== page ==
Research work was carried out in different institutes of National Agriculture Research Centre, Islamabad (NARC). Seeds of three indigenous groundnut cultivars namely Bard-92, Bard-479 and Local 334 were obtained from Crop Sciences Institute, NARC. Other ingredients used in peanut butter preparation including salt, sugar, stabilizer (Glycerol mono-stearate), palm oil shortening were purchased from local market. Proximate analysis, mineral assay and storage studies were carried out in Food Science and Product Development Institute, NARC. While fatty acid profile of groundnut cultivars was determined through Gas Chromatography technique in Oil Quality Lab, NARC.

Peanut butter preparation

Peanut butter was prepared by the method described by Woodroof et al. (1983). Peanuts belonging to different cultivars were shelled and spread on aluminum trays. Peanuts were roasted at 160° C for 40-60 mins in hot air oven (Memmert Model No. 600) until desirable flavor and golden color was obtained. Peanut seeds were manually processed to remove red skin, hearts and scorched seeds. Peanuts and all other ingredients were weighed according to set formulation and then subjected to two stage grinding process in dry mill. First 81 g peanuts (90% w/w) was ground in mill for 30 seconds, then sugar (7% w/w), stabilizer, salt, fat were added (1% w/w of each ingredient) and the mixture was ground for one minute until smooth paste was obtained. Peanut butter was stored in pre-sterilized, air tight glass bottles at room temperature to determine shelf life (Figure 1).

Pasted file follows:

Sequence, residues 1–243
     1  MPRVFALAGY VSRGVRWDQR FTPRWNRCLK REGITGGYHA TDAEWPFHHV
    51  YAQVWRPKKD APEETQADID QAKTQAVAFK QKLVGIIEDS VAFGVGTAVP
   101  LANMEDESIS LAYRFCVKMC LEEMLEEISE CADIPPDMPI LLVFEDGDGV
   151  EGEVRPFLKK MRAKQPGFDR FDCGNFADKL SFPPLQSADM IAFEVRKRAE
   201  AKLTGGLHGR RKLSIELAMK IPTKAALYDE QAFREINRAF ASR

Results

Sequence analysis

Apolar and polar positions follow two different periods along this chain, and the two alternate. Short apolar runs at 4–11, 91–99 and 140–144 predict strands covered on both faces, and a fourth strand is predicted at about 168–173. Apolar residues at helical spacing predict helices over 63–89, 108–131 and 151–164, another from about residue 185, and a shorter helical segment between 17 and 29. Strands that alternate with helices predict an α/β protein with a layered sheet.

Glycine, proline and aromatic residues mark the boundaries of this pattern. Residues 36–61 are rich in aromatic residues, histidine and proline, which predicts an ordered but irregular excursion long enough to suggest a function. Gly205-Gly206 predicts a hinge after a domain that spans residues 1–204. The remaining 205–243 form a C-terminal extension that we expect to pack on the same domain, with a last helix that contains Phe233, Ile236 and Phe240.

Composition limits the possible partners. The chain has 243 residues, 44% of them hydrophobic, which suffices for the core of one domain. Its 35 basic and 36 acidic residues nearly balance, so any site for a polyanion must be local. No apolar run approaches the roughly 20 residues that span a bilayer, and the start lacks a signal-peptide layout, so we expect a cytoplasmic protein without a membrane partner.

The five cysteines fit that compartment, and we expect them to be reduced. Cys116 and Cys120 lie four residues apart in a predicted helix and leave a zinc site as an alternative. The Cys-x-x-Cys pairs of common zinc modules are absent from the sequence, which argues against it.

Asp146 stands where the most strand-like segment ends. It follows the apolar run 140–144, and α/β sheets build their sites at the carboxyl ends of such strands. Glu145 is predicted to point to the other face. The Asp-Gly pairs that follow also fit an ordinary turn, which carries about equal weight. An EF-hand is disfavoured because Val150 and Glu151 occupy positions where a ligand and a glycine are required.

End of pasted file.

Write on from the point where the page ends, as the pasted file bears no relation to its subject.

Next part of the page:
Proximate analysis